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Justin Goen's matte black 2005 Prius had its catalytic converters stolen. “It was cut off from the header and the mid pipe."
Justin Goen's matte black 2005 Prius had its catalytic converters stolen. “It was cut off from the header and the mid pipe."

“I see about one of these cars with stolen catalytic converters a week, go through my repair shop in Rancho Bernardo,” said Justin Goen. “It pisses me off and I think recyclers need to figure something out to help stop this.”

Recyclers pay good money for certain catalytic converters because of the rare metals within its housing — palladium, platinum, and/or rhodium.

Under chassis of Imperial Beach Prius

On July 7, I communicated with Goen after we both saw the same photo online of a Toyota Prius missing its catalytic converters underneath. Goen is an auto technician and race car driver from North County; his matte black 2005 Prius had its catalytic converters recently stolen. “It was cut off from the header and the mid pipe with a battery powered electric saw by the looks of it and the oxygen sensor went along with the two cats.

“The first thing you notice when you start the car is the loud exhaust sound; then you will have a check engine light from the missing oxygen sensor, followed by a raw fuel or exhaust smell.”

Daytime theft of "cat" in United Kingdom

The Prius in the photo that we both saw was burglarized in Imperial Beach on June 25. I reached out to the victim for an interview but as of presstime she hasn’t replied. Her photo posted on Facebook depicts the under chassis of her Prius; the caption reads in part: “They used a saw to cut it out and I’m assuming they must have jacked up the car because it’s a Prius and really low to the ground. I did report it to the police and apparently this has been happening to Toyota Priuses, so if you have one — try to park in a safe place if you can.”

Video:

Sound of car without catalytic converter

Video posted by Justin Goen

Video posted by Justin Goen

“Hybrids get targeted along with older vehicles from the 90s because they contain higher levels of rare earth metals inside their cats,” Goen added.

The Larry H. Miller Toyota Lemon Grove dealership has a Prius catalytic converter listed for $939.14 a piece; Amazon is selling one for almost $2,000.

On July 1, Goen posted a YouTube video of him driving his “weed wacker” and “lawn mower” sounding Prius; he captioned it: “My cats were stolen, so I wanted to show everyone how stupid it sounds for your entertainment at my expense.”

“A guy I know is getting $400 to $600 for some (Prius cats),” MT commented underneath Goen’s video, “…. Gen I (1997-2003) cats are a bit higher than Gen II (2003-2009) cats. Palladium goes up and down, so it varies.”

“Unfortunately, the catalytic converter on the Gen II Prius is particularly accessible; that’s why it’s a favorite for thieves,” said Jo, another Prius owner. “There’s not a lot you can do about it, other than to etch your VIN number into it to prevent those who cut them out for black market resale from taking it or weld a cage around it to make it more difficult to get to.”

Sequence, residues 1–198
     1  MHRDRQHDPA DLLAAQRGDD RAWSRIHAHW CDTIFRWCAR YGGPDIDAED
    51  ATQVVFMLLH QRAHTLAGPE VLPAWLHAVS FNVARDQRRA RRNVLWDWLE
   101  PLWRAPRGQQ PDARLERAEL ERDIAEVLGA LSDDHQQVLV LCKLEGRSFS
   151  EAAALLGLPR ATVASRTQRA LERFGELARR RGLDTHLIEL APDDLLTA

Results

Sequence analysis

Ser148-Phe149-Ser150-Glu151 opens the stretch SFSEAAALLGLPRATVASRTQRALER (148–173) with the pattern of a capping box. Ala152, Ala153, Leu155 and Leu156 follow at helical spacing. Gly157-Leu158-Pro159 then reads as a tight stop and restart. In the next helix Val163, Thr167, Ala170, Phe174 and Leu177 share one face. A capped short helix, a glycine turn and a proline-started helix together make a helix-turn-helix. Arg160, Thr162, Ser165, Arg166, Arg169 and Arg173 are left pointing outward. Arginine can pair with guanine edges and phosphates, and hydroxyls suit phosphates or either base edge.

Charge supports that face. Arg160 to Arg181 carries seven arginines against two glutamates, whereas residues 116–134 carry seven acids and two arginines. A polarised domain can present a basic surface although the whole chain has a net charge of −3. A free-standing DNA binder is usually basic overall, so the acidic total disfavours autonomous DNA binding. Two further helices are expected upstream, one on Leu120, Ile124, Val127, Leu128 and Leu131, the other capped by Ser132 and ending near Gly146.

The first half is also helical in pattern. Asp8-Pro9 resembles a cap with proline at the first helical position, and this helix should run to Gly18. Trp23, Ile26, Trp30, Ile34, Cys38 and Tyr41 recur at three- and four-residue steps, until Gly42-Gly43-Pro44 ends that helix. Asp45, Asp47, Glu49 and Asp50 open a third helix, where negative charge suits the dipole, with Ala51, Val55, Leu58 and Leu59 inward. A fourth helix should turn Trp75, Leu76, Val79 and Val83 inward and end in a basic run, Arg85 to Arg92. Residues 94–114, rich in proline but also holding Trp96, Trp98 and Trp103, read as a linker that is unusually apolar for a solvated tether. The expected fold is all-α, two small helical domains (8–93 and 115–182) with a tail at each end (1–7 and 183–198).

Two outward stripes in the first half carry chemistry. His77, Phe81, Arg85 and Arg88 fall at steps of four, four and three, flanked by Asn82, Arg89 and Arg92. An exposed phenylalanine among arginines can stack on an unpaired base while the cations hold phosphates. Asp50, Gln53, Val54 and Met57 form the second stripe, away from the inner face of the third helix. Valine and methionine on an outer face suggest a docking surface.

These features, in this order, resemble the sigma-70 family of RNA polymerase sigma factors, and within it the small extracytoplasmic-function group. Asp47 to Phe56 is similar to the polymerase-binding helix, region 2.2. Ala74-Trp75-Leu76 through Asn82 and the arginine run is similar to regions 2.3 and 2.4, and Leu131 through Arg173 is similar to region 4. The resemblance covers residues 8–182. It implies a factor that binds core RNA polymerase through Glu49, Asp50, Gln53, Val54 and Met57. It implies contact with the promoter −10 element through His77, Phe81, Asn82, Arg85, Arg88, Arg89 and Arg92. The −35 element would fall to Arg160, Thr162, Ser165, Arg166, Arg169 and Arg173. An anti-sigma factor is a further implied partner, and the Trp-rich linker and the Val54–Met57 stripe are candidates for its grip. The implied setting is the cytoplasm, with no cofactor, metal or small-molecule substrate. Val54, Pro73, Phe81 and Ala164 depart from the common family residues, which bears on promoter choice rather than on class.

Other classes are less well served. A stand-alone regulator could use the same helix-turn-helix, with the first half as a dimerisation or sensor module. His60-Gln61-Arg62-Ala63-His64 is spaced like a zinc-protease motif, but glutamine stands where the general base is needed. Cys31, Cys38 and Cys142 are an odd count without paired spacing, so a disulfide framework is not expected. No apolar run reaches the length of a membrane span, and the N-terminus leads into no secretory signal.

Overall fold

Others have welded rebar along the sides of their cats to make it harder for the thieves to cut.

“[Stealing Prius cats] is much easier to deal with and less traceable than stealing cars,” Goen said. “I feel bad for the victims, they usually have to pay out of pocket and can be a tipping point that can result in major consequences for them — especially when they are living paycheck to paycheck as many San Diego residents are these days.”

Goen wasn’t the only Prius driver sharing videos of the 48-to-50 mile per gallon hybrid; in United Kingdom, a few videos have been posted of Priuses that are burglarized in broad daylight, by guys working in tandem: the first man lifts the vehicle with a floor jack; the second man crawls underneath with an electric saw and hacks away from underneath the car; the first man stands by and looks out for law enforcement or lookie loos; the second man climbs out with catalytic converter; the first man lowers the car back down; the “cat-jackers” take off.

Michael from City Heights saw the Prius cat-theft videos on YouTube; he too drives a Prius. “In United Kingdom, the thieves are brazen and steal cats in the daytime — I bet some Californians are copycatting them.”

“According to state law, we are not able to buy more affordable catalytic converters unless they are carb approved,” Goen explained, “unfortunately the only approved cats for the Prius are from the Toyota dealer. They typically sell for over $1,500, but when the cats are stolen, the oxygen sensor/s also get damaged or taken, so it ramps up the price closer to $2,000 or more on average. We cannot legally buy or sell used catalytic converters in this state, and lower cost aftermarket converters cannot be shipped/sold to California. Also, to complicate things further, state law makes the previous owner responsible for passing smog when transferring title and that includes repairing/replacing the cats.”